Entertainment Movies One of the year’s best, brilliant Widows is the thinking woman’s heist movie

One of the year’s best, brilliant Widows is the thinking woman’s heist movie

The cast of Widows.
Viola Davis and Colin Farrell face off in Widows. Photo: Twentieth Century Fox
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For far too long, heist movies have packed their bulging, ill-begotten moneybags with way too much testosterone.

Sure, Marilyn Monroe shone bright as a duplicitous mistress with an alibi to spare in the granddaddy of them all, John Huston’s 1950 noir classic The Asphalt Jungle, but the blokes were ultimately in charge.

As with so many since.

Australian star Elizabeth Debicki and Oscar winner Viola Davis are here to change that, with the release of Steve McQueen’s brilliant thinking woman’s crime thriller Widows.

It joins the 2018 Sandra Bullock and Cate Blanchett-led Ocean’s 8 – which, with $US41.6 million, beat George Clooney to have the franchise’s highest ever opening weekend – in upending the male world order.

But as fun as that June release is, it’s unlikely to clean out the Academy whereas gritty Chicago-set drama Widows might just steal the show at the Oscars.

Adapted from the classic 1983 British crime series by Lynda La Plante and co-written with Gone Girl author Gillian Flynn, Oscar-winning director McQueen (12 Years a Slave) has crafted an emotionally smart and viscerally thrilling genre champion that easily pushes the boys to one side.

Tipped to go head to head with Lady Gaga and Olivia Colman in the Best Actress category, Davis builds on her previous supporting win for Fences as the no-nonsense Veronica.

Married to big-time crook Harry (Liam Neeson), she turns a blind eye to his bad behaviour. But when his gang goes up in flames with bags full of cash in the opening minutes, trouble comes right to her immaculate apartment door.

Corrupt politician Jamal (Brian Tyree Henry) is running for office against Colin Farrell’s similarly shady Jack, who comes from a privileged Bush/Clinton-like dynasty.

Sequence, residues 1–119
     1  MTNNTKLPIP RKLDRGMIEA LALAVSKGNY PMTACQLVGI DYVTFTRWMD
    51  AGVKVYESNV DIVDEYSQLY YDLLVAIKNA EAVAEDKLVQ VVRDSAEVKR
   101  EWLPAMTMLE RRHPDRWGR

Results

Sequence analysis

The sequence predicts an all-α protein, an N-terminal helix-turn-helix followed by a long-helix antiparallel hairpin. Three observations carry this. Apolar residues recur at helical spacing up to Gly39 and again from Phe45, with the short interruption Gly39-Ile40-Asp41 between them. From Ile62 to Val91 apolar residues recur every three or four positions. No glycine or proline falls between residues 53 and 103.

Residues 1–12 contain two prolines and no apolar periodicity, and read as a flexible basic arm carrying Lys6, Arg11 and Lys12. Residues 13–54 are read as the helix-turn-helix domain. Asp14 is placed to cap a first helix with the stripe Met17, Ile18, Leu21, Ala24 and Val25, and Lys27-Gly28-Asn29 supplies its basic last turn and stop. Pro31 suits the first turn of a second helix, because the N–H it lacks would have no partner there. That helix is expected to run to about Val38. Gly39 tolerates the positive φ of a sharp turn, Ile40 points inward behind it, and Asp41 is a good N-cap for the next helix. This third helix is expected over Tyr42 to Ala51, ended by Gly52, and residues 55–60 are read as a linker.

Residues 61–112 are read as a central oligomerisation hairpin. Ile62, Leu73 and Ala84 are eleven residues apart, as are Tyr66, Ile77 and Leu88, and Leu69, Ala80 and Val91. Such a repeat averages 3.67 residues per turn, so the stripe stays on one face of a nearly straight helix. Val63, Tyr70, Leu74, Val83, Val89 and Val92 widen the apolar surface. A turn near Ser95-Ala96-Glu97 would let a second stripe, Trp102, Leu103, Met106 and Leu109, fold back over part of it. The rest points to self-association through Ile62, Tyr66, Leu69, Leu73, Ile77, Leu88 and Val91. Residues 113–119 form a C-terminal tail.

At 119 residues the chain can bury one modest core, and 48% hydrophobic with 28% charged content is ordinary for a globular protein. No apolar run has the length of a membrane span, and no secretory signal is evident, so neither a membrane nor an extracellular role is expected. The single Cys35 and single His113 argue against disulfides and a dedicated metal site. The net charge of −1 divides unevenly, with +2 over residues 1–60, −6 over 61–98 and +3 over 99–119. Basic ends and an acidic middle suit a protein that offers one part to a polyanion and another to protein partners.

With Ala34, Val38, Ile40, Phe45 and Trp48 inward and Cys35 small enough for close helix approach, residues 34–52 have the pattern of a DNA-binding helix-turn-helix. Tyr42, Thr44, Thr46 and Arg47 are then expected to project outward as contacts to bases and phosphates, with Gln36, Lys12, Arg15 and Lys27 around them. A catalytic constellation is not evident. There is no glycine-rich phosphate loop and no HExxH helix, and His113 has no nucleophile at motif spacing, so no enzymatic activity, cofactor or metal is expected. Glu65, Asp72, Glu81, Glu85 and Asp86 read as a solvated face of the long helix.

Needing funds fast, their war rumbles along in the background, but Veronica refuses to be collateral damage.

Studying her husband’s notes for his next big job, she assembles the widows left behind by the male gang’s fiery demise to pull it off themselves, clearing their debts and setting up their futures.

Elizabeth Debicki Jackie Weaver
Courting trouble: Australian star Elizabeth Debicki. Photo: Getty

The film is sure to dynamite-charge the career of Debicki (The Great Gatsby, The Man from U.N.C.L.E), who steals every scene she’s in as domestic violence survivor Alice.

Finding new determination free of her husband’s abuse, she’s pushed into another life entirely by her mother Agnieszka, played by fellow Australian Jacki Weaver, who excels as yet another monstrous matriarch.

The gang’s rounded out by The Fast and the Furious lead Michelle Rodriguez as Linda, who just wants to keep her dress shop open, and Bad Times at the El Royale breakout star Cynthia Erivo as bleached-blonde getaway driver Belle.

If Ocean’s 8 didn’t quite maximise on the potential of the gender swap, Widows revels in telling a familiar story from a different perspective, tackling toxic masculinity along the way.

Relegated to brief appearances, often near naked in the bedroom, Neeson’s role speaks volumes about the way women are so often portrayed in crime films. There’s a lot of fun to be had, too, in the central premise that the widows are mopping up the men’s mess.

McQueen plays gleefully with all the genre’s tropes, from double crosses to training montages, subtly rewiring the interpersonal relationships and motivations, all while two of the women juggle childcare.

When they finally don masks in the breathtaking hit, anonymity means gender disappears. As Veronica says, “No one thinks we have the balls to pull this off”. They sure do, in emphatic and blistering style.

Widows opened nationally on Wednesday.

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